Oyer And Terminer
OYER AND TERMINER, the Anglo-French name, meaning " to hear and determine," for one of the commissions by which a judge of assize sits (see Assize). By the commission of oyer and terminer the commissioners (in practice the judges of assize, though other persons are named with them in the commission) are commanded to make diligent inquiry into all treasons, felonies and misdemeanours whatever committed in the counties specified in the commission, and to hear and determine the same according to law. The inquiry is by means of the grand jury; after the grand jury has found the bills submitted to it, the commissioners proceed " to hear and determine " by means of the petty jury. The words oyer and terminer are also used to denote the court which has jurisdiction to try offences within the limits to which the commission of oyer and terminer extends.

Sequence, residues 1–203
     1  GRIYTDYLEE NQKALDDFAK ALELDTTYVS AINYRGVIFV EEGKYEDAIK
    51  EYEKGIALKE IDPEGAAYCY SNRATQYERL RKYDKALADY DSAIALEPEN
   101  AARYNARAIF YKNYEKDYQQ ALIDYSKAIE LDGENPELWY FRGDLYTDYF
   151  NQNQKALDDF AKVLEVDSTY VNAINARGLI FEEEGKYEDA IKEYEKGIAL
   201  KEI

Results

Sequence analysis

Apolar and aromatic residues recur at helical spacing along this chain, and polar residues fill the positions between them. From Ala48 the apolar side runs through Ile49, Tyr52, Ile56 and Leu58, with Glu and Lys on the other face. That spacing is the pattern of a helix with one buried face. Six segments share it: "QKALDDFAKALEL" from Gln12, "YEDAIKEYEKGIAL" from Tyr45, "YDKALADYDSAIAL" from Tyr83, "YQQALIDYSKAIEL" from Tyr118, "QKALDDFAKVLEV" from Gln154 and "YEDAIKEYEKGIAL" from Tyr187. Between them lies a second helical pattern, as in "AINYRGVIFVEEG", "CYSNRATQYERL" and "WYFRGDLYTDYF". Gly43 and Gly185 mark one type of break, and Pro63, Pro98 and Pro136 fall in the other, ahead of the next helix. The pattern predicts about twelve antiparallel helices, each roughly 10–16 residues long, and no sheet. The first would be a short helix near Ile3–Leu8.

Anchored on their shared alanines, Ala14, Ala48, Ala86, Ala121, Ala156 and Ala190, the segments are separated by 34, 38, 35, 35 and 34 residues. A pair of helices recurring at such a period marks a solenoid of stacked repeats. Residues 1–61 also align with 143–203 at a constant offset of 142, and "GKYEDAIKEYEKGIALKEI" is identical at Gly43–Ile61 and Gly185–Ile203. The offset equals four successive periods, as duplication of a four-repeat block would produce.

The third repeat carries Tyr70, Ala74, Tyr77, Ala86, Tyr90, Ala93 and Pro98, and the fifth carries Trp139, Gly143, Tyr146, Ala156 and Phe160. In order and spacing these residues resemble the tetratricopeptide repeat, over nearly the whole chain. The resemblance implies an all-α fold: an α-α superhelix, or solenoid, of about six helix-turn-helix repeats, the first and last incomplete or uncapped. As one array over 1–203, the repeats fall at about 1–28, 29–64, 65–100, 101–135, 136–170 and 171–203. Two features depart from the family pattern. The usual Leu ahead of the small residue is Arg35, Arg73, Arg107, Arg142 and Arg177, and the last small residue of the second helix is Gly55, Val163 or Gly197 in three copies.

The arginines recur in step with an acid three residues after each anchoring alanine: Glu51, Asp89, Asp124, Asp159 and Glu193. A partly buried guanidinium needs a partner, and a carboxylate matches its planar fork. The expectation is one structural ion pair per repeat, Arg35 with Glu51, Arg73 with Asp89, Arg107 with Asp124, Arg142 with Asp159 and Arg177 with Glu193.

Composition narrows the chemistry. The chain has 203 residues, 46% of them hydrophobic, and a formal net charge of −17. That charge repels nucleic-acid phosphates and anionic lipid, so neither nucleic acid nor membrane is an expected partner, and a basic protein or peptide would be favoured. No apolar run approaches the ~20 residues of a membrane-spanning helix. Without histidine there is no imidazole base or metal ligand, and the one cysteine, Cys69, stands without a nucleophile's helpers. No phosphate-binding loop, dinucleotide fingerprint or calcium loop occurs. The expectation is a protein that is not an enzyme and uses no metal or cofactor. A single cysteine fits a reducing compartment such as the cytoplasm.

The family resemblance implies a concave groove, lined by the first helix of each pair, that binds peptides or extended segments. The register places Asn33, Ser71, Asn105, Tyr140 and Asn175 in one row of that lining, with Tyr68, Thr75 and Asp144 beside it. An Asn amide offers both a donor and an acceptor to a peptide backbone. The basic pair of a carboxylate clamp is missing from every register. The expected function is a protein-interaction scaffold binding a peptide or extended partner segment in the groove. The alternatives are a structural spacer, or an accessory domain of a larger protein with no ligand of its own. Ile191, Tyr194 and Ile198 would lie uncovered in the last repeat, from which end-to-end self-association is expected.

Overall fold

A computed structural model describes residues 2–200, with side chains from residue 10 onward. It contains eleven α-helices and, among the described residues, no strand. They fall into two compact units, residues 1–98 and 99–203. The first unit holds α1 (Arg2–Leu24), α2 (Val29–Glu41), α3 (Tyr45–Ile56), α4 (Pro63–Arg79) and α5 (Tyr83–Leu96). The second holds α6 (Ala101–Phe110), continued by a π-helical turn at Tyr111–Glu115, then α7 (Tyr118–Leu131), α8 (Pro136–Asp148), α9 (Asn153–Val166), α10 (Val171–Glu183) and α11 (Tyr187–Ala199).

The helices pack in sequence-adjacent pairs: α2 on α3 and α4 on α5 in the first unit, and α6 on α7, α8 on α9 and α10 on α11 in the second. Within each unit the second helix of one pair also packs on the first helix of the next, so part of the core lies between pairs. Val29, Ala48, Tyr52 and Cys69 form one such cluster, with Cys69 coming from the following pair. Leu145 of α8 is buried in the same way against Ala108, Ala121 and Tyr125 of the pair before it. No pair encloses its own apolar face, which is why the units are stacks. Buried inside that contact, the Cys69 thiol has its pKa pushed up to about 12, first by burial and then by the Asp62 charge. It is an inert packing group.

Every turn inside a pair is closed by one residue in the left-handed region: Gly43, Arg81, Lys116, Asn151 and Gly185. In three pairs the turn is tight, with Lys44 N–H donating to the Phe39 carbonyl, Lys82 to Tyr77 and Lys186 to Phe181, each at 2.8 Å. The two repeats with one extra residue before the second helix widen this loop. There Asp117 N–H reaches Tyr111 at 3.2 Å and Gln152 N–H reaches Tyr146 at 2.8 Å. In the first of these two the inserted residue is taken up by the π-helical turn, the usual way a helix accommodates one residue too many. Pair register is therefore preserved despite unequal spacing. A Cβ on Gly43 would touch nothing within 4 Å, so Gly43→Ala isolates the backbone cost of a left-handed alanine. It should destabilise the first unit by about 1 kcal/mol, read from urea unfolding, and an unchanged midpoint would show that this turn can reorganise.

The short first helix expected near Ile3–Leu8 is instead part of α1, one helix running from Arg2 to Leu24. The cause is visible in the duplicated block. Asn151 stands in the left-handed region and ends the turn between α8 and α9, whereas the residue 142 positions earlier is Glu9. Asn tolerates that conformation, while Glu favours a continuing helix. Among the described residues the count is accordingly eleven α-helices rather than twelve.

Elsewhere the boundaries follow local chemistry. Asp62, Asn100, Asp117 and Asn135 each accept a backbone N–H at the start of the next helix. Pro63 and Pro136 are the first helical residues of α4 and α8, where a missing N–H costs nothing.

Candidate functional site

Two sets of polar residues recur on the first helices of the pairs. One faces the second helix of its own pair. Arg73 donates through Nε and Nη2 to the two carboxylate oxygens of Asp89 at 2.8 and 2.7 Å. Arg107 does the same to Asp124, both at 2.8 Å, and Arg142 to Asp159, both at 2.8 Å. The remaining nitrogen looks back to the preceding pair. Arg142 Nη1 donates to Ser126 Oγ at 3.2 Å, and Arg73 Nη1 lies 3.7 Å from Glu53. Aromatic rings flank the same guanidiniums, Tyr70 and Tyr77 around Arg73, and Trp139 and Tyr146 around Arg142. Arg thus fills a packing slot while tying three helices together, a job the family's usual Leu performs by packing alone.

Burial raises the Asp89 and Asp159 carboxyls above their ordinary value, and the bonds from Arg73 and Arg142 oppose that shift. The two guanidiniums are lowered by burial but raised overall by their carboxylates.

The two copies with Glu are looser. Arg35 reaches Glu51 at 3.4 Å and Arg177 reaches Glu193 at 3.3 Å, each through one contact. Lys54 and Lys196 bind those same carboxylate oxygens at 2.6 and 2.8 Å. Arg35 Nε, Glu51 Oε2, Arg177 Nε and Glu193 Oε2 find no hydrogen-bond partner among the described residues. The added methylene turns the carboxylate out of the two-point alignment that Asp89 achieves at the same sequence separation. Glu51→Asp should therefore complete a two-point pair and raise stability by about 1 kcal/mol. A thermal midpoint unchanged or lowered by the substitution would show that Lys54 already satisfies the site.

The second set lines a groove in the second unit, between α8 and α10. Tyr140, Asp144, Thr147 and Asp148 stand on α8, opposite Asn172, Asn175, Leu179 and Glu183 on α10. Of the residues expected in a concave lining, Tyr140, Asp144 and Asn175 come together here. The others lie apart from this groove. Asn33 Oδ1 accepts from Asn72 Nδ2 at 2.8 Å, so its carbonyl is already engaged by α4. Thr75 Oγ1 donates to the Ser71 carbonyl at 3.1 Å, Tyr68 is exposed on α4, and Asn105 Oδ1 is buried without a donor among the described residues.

By the Treason Act 1708 the crown has power to issue commissions of oyer and terminer in Scotland for the trial of treason and misprision of treason. Three of the lords of justiciary must be in any such commission. An indictment for either of the offences mentioned may be removed by certiorari from the court of oyer and terminer into the court of justiciary.
In the United States oyer and terminer is the name given to courts of criminal jurisdiction in some states, e.g. New York, New Jersey, Pennsylvania, and Georgia.
Note - this article incorporates content from Encyclopaedia Britannica, Eleventh Edition, (1910-1911)